Buffett taps the microphone and complete silence descends among the crowd. Everyone turns to face the podium.
Buffett inspects the audience and notes a delightful melting pot of ethnicities and socio-economic levels. Good, exactly as he intended with the location and short notice. He notices several large tents set up behind the seating area, presumably of the richer folk, and further in the distance he sees smaller tents, some makeshift, presumably the more average joe type.
The richer crowd are fairly noticeable. American tech billionaires, Arab sheiks of oil money, African princes of precious metals, Eastern Asian businessmen. The stereotypes were laughably accurate. Buffett notes this group makes up roughly one third of the audience, recognizes no one from previous years’ meetings, and shrugs. Rich people who smell an opportunity to get richer. Who was he to try to change the course of history? He wasn’t anti-rich. He was quite rich himself, after all.
The second third are the typical attendees — loyal Berkshire shareholders, Buffett enthusiasts, and investors worldwide. Most of this group wear clean dark suits or business casual clothing.
The third group is a hodgepodge of people positioned directly in front of the podium. From doctors, to farmers, to truck drivers — all Americans who lived within a few hours of Omaha. While people of means were able to secure expensive travel and fly in from around the world on a moment’s notice, Buffett wanted to make sure there would be room for the average American. This group excited him the most.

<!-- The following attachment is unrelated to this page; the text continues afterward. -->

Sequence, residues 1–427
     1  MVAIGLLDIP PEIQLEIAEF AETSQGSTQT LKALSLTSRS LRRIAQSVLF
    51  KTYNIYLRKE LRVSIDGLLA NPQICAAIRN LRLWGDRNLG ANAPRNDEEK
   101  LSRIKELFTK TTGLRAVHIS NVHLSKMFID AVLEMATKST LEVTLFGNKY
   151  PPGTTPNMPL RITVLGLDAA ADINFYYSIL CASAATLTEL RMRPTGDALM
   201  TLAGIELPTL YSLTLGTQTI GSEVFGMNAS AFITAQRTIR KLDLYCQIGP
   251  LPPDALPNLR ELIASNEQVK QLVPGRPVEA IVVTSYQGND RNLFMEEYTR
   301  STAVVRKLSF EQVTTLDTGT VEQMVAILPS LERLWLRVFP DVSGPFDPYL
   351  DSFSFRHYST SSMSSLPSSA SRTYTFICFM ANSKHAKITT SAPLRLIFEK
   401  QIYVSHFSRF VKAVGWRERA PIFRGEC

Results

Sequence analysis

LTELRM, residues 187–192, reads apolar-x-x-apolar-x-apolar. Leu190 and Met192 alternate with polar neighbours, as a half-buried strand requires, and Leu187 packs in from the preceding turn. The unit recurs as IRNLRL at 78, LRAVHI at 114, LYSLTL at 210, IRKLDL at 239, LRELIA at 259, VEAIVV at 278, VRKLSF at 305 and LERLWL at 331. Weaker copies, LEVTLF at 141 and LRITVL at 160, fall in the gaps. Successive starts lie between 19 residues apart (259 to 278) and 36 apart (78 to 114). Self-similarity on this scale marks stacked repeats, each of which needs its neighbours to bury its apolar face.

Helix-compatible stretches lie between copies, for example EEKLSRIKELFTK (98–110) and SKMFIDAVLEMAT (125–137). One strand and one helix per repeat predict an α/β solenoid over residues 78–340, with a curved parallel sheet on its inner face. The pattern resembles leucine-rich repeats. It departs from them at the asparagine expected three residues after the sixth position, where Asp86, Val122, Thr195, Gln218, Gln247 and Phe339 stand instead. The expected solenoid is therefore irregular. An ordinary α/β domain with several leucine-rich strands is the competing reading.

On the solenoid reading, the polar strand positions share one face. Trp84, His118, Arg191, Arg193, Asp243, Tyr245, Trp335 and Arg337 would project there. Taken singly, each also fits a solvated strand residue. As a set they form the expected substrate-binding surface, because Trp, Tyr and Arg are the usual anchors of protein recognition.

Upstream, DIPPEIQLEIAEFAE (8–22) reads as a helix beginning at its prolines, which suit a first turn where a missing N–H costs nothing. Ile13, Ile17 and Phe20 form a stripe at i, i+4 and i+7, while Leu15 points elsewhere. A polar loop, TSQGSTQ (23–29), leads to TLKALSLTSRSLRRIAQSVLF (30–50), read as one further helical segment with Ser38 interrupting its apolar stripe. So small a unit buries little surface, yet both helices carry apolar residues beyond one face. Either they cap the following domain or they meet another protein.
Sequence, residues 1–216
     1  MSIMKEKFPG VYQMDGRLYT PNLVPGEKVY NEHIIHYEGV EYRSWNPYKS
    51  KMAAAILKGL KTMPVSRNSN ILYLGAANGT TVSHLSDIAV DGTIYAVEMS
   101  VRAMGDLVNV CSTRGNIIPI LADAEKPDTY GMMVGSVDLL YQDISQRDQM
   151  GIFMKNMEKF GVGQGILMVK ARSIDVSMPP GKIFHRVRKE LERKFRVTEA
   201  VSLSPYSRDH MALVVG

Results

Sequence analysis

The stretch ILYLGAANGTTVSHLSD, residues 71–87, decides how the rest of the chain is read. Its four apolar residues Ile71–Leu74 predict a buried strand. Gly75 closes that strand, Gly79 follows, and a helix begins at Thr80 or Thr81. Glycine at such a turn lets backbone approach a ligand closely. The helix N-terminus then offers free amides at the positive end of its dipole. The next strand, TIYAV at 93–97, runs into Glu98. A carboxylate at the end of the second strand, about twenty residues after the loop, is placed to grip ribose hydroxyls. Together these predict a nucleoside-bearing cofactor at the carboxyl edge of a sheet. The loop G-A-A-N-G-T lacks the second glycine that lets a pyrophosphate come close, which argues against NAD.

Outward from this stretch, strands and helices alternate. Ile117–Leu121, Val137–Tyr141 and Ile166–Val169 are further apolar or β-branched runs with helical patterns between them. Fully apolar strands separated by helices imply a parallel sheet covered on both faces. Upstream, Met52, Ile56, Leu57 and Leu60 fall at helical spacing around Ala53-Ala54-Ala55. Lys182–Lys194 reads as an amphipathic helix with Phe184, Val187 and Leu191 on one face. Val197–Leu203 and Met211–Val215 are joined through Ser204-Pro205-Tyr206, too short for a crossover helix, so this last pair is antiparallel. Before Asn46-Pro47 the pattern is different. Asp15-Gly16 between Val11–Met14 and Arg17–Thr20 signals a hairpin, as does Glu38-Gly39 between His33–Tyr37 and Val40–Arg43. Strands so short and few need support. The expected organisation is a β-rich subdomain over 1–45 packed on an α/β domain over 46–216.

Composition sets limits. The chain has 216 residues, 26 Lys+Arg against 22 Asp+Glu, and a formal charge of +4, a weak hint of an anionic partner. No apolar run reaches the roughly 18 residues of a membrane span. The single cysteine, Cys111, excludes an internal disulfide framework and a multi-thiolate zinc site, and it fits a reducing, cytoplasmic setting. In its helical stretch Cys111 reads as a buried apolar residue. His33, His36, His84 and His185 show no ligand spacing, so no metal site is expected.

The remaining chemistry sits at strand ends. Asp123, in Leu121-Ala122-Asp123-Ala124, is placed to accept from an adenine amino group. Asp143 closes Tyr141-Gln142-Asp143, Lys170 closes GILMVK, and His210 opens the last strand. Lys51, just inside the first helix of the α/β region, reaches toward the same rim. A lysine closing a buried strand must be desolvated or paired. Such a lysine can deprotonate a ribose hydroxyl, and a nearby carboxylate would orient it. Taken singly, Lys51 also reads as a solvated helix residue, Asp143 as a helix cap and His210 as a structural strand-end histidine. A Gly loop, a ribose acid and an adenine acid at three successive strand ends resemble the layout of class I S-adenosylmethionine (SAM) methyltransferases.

Buffett taps the microphone again, assures it’s on and working, and begins to speak:
Thank you all for coming today. I am as excited as ever to talk to you about the good work we do here at Berkshire. This year we will dispense with the usual horse and pony show and focus on one thing and one thing only: who will be my successor. I will select five of you to come up here for a panel of sorts with the crowd. One of you will be eliminated by the conclusion of today’s meeting, and the remaining four will continue on. Any questions?
Dead silence. The crowd had been transfixed to Buffett’s every word and it took them a moment to register he was no longer speaking.
Three excruciatingly slow seconds pass before a hand shoots up from the crowd. Buffett nods in that direction.
“How will you choose the candidates?” the voice asks quietly.
Buffett smiles. The voice came from the third group of average Americans.
Great question. I’m looking for those who are sharp but humble, quick on their feet and decisive, someone brave with integrity, who’s not afraid to ask questions, someone who will lead by example. You demonstrated some of those qualities just now. You were the first to act, only after politely raising your hand, and you asked the most pertinent question under discussion. You are candidate #1. Come on up here!
Gasps erupt among the crowd and general applause follows soon after as everyone turns to watch the lucky first candidate walk up to the podium. The candidate looked shocked and took a moment before moving an inch, then timidly made their way up to the front.
Buffett smiles warmly at Candidate #1, gestures to the row of five seats nearby, and turns to the microphone:
Now, for the remaining four candidates. Here’s how it’s going to work…